Businesses need to reshape customer experiences with new and better applications. VMware is focused on delivering this new experience by focusing on any device, any application, on any cloud with keeping security in mind for each area. Workspace ONE was introduced and focuses on Apps and Identity, Management and Security, Desktop and Mobile. The newest addition to the device list is a partnership with HP Inc.

The partnership between VMware and Amazon AWS was introduced. Andy Jassy, CEO of AWS, was invited to the stage and talked about running any app on vSphere and moving it into AWS. Andy briefly talks about how customers feel like they have to draw a line in the sand to decide between running their application either in their private data center or in the public cloud on AWS. The partnership gives customers the ability to have both. This offering is only available in one Availability Zone in the west region today, but will be expanding to east cost region and then globally with a promise that before the end of next year all Availability Zones will have this offering. Administrators can use existing tools like vSphere to manage workloads in either environment. Presented was the ecosystem of early partners offering this hybrid service.

Networking is the underpinning that’s allowing VMware to work with other cloud companies like IBM Cloud, Virtustream, GCP, and Azure. “NSX is becoming the connective tissue that ties everything together”. NSX is also being stretched into other areas beyond cloud. Areas like microservices with Docker, Mobile and Desktop, and IoT.

Lastly, Pat talks about security and introduced the five pillars of cyber hygiene. This graphic shows how VMware is trying to make security an easier process to maintain. One of the new ideas introduced, was using the compute layer to help with security. AppDenfese was introduce to help in this new area. AppDefense will reach out to other areas like Puppet to get an idea of how the workloads are suppose function and act. AppDefense will use machine learning and artificial intelligence to create a manifest for its own operations. At this time, the “VM can start monitoring itself and detect if its behavior deviates from good”. Lastly, automate responses by shutting off the VM, send alerts, start pcap, or quarantine itself.

General Session Day 2

The second day introduced more partnerships. Michael Dell came on stage and he and Pat talked about the partnership between Dell EMC and VMware. Next, was a partnership introduced between Pivotal and Google and specifically working closer with Kubernetes. This new partnership for Pivotal was called PKS (Pivotal Container Service). NSX will be integrated into these new services.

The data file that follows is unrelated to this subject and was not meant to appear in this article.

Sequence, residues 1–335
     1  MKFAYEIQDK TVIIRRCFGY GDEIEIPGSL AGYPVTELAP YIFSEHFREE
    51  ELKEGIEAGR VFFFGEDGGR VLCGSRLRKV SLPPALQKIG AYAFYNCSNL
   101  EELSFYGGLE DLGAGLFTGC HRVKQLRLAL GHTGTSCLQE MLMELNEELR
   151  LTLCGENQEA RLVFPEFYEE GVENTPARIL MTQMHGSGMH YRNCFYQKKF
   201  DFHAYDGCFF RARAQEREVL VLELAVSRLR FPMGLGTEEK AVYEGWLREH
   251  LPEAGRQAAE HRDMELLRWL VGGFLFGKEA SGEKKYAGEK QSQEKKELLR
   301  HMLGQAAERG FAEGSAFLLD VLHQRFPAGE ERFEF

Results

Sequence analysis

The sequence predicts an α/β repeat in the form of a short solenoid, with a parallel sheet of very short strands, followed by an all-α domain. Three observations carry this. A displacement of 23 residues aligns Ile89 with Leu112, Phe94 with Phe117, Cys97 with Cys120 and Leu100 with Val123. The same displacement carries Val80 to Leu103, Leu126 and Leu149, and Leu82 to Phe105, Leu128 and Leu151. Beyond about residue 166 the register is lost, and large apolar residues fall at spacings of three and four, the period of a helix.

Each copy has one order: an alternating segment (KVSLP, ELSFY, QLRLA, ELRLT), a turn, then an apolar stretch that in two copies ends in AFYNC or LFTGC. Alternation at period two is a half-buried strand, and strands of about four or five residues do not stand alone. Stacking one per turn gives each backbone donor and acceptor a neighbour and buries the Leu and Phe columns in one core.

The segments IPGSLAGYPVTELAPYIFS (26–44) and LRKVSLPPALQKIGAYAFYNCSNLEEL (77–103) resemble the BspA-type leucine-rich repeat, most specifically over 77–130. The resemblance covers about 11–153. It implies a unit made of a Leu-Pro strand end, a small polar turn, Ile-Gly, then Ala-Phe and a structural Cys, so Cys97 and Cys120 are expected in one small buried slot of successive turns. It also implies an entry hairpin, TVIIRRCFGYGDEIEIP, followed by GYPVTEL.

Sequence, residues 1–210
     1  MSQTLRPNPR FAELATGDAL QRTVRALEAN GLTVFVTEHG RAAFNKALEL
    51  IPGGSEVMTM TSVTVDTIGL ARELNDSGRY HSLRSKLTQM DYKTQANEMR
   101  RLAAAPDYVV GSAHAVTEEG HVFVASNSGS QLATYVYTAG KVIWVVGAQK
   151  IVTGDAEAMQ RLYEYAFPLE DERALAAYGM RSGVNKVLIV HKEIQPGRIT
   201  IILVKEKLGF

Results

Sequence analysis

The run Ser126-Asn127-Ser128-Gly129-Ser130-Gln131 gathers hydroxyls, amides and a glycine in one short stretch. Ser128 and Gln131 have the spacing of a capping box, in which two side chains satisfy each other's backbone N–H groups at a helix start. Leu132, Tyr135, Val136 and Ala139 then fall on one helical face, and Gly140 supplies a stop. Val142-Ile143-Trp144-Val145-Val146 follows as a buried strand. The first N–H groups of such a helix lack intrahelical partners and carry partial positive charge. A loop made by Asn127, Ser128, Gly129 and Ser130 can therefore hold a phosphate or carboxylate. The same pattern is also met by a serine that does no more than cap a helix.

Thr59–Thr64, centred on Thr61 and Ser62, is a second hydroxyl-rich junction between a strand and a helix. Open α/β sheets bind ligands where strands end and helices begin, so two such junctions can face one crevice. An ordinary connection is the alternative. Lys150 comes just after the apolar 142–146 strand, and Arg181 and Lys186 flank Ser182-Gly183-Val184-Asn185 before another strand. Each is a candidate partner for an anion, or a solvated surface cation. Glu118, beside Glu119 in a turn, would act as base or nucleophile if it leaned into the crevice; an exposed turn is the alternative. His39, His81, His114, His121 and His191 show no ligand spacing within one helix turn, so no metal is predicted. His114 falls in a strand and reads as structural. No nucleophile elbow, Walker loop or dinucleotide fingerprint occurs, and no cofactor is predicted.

The keynote showed a skit where an organization that was in disarray and needed to improve the business . The business failed PCI audits, their mobile app stinks, and the business wants to move faster. The skit showed an executive talking to an IT engineer. The exec promoted the engineer on the spot to VP of IT. Now all the headaches belonged to the new VP of IT.

This theme sets the table for the rest of the keynote. This gives the presenters the opportunity to present multiple services that VMware offers. Things like AppDefense to monitor and secure applications and compute. vRealize Operations to get an overview of environment and their data center capacity. Use VMware on AWS to expand capacity to the public cloud. VMware Network Insight to give network views for migration planning as well as micro-segmentation planning. Lastly, use vRealize Automation to help migrate the apps off on-prem data center to the newly provisioned services in AWS.


My takeaways from the two day general keynotes were there was a big focus on the partnership between VMware and AWS, as well as a focus on NSX. NSX is the core component that gives VMware the ability to migrate their workloads to any public cloud offering. VMware has worked hard with partnering with cloud providers like AWS, IBM, as well Google Cloud Platform. It feels like NSX gives VMware the ability to extend their reach to these providers, but also gives the providers the chance to break into the enterprise data center. We’re early in making everything run in code, but it feels like things are going to take off very soon.